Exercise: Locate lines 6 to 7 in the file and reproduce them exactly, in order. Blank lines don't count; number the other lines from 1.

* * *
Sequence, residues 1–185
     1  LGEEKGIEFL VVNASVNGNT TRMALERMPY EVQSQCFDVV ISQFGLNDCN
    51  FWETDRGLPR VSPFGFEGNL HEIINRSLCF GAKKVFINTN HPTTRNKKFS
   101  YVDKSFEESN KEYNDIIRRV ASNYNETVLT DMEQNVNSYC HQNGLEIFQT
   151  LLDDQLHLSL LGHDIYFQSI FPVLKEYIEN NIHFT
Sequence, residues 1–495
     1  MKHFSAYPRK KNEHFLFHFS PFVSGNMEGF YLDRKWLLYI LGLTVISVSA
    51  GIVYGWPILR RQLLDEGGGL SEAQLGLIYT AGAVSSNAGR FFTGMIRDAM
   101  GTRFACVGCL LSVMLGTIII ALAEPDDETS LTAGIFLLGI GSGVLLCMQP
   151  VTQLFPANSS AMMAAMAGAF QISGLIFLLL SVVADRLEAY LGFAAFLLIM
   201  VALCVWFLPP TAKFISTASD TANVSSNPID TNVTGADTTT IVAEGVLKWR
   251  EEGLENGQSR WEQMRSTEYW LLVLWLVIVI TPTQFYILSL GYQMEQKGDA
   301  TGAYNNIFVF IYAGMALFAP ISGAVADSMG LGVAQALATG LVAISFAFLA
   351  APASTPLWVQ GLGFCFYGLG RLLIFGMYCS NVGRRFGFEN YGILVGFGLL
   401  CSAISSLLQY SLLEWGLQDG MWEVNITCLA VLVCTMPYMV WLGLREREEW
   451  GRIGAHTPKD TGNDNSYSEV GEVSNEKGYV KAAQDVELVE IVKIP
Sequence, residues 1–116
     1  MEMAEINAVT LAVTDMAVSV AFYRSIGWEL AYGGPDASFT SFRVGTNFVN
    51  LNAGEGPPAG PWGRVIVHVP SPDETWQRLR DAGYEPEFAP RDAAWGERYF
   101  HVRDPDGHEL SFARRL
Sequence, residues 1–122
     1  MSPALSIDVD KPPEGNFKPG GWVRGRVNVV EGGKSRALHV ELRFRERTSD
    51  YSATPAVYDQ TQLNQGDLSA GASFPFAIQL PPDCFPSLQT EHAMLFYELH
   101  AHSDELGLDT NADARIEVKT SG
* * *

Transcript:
Sequence, residues 1–495
     1  MKHFSAYPRK KNEHFLFHFS PFVSGNMEGF YLDRKWLLYI LGLTVISVSA